Travis Holland’s “Planet of Fear” is one of a number of brilliant stories in this all-fiction issue of Ploughshares, edited by Peter Ho Davies. Holland writes beautifully. Three strands make a rich, bright braid: the narrator’s work with an exceptional youth in a boys’ correction facility, his frustration with his dementia-disabled father, and his love for his smart but innocent five-year-old daughter. Scenes slide seamlessly from one of these strands to another, the tension level rising slowly, steadily, as the client is bullied, the father drifts further and further from his original professorial authority, and the daughter grows into her own. Each episode is wonderfully drawn. Of a “nature walk” through an unfinished housing development with the daughter, Holland writes:
Black utility pipes bristled like decapitated daisy stems from the concrete foundations, across which the sand encroached in wavy layers, like cake icing, from old storm flooding, or just years of wind, doing its quiet work. Alligators occasionally nested in the sawgrass beside the footpath . . . Walking along with Sofia, I kept an eye trained on those placid-seeming thickets, ready to snatch her away. I’d warned her about snakes and black widows too, and so when she wanted to look under a particular rock, it was my job to flip the rock over.
The images, each a mix of danger and benignity, underscore the unsettled sense of responsibility weighing on the narrator in each of these three strands of his life. Nothing is in imminent danger, and yet nothing is quite safe. When the boy in the correctional facility finally cracks under the bullying, the façade of order crumbles. Readers feel the inevitable truth that nobody can fend off danger forever—only it’s more complicated than that. Something has to give, and everyone who cares has to pay. The story works on every possible level. Every single sentence achieves its potential.
The same must be said for Jerry McGahan’s “Arlene in Five.” The “five” are numbered scenes, following no particular logic but the logic of excellent fiction. Arlene’s cow dies; she has non-routine sex with her husband; he dies of pancreatic cancer, but before he does, her father-in-law weeps about his son’s impending death; her son comes to her with the news that his wife has left; a hunter kills an elk illegally on her land. There’s a summary, but this story is enormously more than the sum of its parts. We know Arlene through her terse dialogue and stoic actions. We know the complexity of her character through her interactions with men of various kinds—hunter, city-dweller, farmer; ignorant, grieving, needy. I would like an obituary like this story, whose final image is of Arlene’s own need, pushed away but known, refused but not forgotten.
Finally, Nancy Welch’s “Pretty,” another stellar piece in this issue full of luminosity. As in “Planet of Fear,” a man whose mind is failing plays a prominent part. He is the husband of Trudy, a high school teacher who’s been teaching one year too long. Pretty is the name of one of her students—not one of the Exceptionals; one of the entitled and unruly. As Trudy and Karl are driving on Trudy’s 40-minute lunch break to yet another doctor’s appointment about Karl’s deterioration, they are almost T-boned by a white station wagon with Pretty in the back seat. Shaken and angry, Trudy pushes on to the doctor’s, grateful nothing actually happened. But as it turns out, Pretty has been kidnapped.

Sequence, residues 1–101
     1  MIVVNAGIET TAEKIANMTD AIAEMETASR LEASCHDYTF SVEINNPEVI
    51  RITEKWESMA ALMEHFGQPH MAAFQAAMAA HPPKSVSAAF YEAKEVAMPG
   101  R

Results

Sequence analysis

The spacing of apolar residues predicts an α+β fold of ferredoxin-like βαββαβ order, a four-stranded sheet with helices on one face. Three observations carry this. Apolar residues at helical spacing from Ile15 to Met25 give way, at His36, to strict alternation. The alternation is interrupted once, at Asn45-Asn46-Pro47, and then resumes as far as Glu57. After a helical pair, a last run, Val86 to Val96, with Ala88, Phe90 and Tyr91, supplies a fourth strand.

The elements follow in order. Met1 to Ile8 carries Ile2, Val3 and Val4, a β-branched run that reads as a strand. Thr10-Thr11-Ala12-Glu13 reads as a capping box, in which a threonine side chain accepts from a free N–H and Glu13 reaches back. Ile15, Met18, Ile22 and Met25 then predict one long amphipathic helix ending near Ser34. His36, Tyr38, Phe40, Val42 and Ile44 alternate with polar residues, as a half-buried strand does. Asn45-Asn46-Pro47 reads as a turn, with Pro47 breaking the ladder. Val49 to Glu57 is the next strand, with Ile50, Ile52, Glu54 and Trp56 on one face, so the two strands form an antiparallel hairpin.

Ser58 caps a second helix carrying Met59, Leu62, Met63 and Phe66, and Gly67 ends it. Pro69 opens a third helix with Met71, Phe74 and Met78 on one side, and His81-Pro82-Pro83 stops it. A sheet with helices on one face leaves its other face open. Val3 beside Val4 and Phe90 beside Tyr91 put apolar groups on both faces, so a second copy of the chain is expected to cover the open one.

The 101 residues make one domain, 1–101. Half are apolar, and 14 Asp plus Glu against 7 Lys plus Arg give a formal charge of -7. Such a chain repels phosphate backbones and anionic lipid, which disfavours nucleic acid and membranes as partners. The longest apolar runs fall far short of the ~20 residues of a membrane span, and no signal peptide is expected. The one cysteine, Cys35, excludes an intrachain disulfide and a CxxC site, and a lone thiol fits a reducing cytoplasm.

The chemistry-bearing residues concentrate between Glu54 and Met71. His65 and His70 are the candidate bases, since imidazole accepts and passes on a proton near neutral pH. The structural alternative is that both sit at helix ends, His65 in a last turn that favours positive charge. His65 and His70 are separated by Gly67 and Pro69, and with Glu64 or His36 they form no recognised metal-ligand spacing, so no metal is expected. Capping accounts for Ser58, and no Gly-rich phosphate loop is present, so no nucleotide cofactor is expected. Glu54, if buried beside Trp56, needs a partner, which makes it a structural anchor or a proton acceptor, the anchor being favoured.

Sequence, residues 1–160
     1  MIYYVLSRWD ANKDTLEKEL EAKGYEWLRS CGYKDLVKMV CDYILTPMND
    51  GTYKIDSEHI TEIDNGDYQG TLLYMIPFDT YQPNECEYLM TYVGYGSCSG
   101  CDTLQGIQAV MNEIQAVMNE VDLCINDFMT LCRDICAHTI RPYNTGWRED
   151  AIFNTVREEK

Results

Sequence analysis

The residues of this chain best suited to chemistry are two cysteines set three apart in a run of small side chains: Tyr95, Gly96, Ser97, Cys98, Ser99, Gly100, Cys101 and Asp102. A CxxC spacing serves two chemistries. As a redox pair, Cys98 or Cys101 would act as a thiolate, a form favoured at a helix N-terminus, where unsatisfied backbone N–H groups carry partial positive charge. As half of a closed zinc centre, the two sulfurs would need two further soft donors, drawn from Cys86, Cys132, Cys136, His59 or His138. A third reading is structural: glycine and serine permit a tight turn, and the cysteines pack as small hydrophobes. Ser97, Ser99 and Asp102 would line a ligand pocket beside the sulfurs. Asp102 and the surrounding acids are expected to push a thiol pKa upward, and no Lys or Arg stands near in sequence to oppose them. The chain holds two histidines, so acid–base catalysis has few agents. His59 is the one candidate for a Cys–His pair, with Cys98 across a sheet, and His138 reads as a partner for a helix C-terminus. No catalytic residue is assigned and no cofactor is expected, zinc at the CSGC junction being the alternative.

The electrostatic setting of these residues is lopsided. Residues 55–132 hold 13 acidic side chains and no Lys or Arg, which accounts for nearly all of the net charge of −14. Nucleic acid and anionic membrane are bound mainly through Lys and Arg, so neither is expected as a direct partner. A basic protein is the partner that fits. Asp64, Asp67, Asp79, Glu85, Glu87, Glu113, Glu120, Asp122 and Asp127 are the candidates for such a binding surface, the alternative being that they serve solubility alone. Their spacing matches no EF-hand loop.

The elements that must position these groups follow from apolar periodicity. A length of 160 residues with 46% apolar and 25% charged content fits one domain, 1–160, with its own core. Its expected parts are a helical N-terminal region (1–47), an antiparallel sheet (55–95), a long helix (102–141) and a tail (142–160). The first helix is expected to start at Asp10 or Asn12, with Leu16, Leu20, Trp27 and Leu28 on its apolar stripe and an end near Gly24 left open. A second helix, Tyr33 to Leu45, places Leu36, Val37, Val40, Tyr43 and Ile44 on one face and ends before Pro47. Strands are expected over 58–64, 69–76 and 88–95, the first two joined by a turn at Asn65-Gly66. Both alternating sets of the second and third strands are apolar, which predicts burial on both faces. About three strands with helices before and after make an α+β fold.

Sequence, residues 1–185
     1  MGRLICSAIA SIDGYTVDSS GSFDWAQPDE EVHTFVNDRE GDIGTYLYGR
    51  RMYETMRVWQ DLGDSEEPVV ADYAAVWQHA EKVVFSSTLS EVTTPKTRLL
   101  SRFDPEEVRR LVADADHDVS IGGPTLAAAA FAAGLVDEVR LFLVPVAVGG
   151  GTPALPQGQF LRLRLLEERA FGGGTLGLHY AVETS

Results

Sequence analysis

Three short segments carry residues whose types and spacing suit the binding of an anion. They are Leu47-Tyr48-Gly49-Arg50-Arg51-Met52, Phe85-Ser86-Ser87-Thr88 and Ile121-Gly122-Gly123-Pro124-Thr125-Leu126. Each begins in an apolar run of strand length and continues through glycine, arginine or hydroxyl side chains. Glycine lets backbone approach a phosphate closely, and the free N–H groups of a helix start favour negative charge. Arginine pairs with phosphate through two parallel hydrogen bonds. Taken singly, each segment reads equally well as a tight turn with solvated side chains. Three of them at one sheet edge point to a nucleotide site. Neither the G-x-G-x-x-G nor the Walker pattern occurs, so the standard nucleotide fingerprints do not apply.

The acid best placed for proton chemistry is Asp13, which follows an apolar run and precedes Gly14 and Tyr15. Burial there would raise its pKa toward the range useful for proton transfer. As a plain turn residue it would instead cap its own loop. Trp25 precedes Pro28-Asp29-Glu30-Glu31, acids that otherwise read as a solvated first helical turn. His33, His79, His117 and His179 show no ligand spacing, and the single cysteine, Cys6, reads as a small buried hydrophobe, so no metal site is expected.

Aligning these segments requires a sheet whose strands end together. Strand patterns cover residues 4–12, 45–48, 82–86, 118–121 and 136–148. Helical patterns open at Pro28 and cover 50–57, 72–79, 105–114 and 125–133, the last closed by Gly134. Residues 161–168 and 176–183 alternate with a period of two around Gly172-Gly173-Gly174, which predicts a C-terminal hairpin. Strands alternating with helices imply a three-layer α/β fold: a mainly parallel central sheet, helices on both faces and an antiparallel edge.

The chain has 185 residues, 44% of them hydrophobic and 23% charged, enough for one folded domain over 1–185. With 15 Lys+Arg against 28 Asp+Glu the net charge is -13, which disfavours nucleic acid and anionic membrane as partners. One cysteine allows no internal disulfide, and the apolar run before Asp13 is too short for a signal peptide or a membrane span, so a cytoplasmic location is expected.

Trudy tries to imagine Pretty using her words. That’s what she sometimes says, exasperated, to Karl—Come on! Use your words!—as if he were a toddler. Maybe Pretty has coaxed the boy, the other man, into smoking a joint, drinking a few beers, and then, once they passed out, car parked on the side of some dirt road, she slipped away. Maybe she is trying to make her way home . . .
The authorities are appalled to discover that Trudy has not reported either Pretty’s truancy or her presence in the white station wagon. Karl’s inability to communicate is a complicating factor, as are Trudy’s assumptions about both her student and her husband. Both are upended before the story can come to its conclusion; readers’ presumptions are too.
In his introduction, Peter Ho Davies ponders the impossibility of introducing someone else to what one loves in literature. But these three stories, and the eight others Davies has chosen, suggest that what a fine writer loves, many readers can readily appreciate. An illuminating “Look2” essay by Robert Anthony Siegel on Kawabata Yasunari, and a fine “Plan B” essay juxtaposing wreck-diving and writing, by Elise Levine, round out this exceptional issue. Ploughshares’s national reputation as a worthy showcase for the intelligence and taste of its guest editors is in no danger whatsoever of faltering.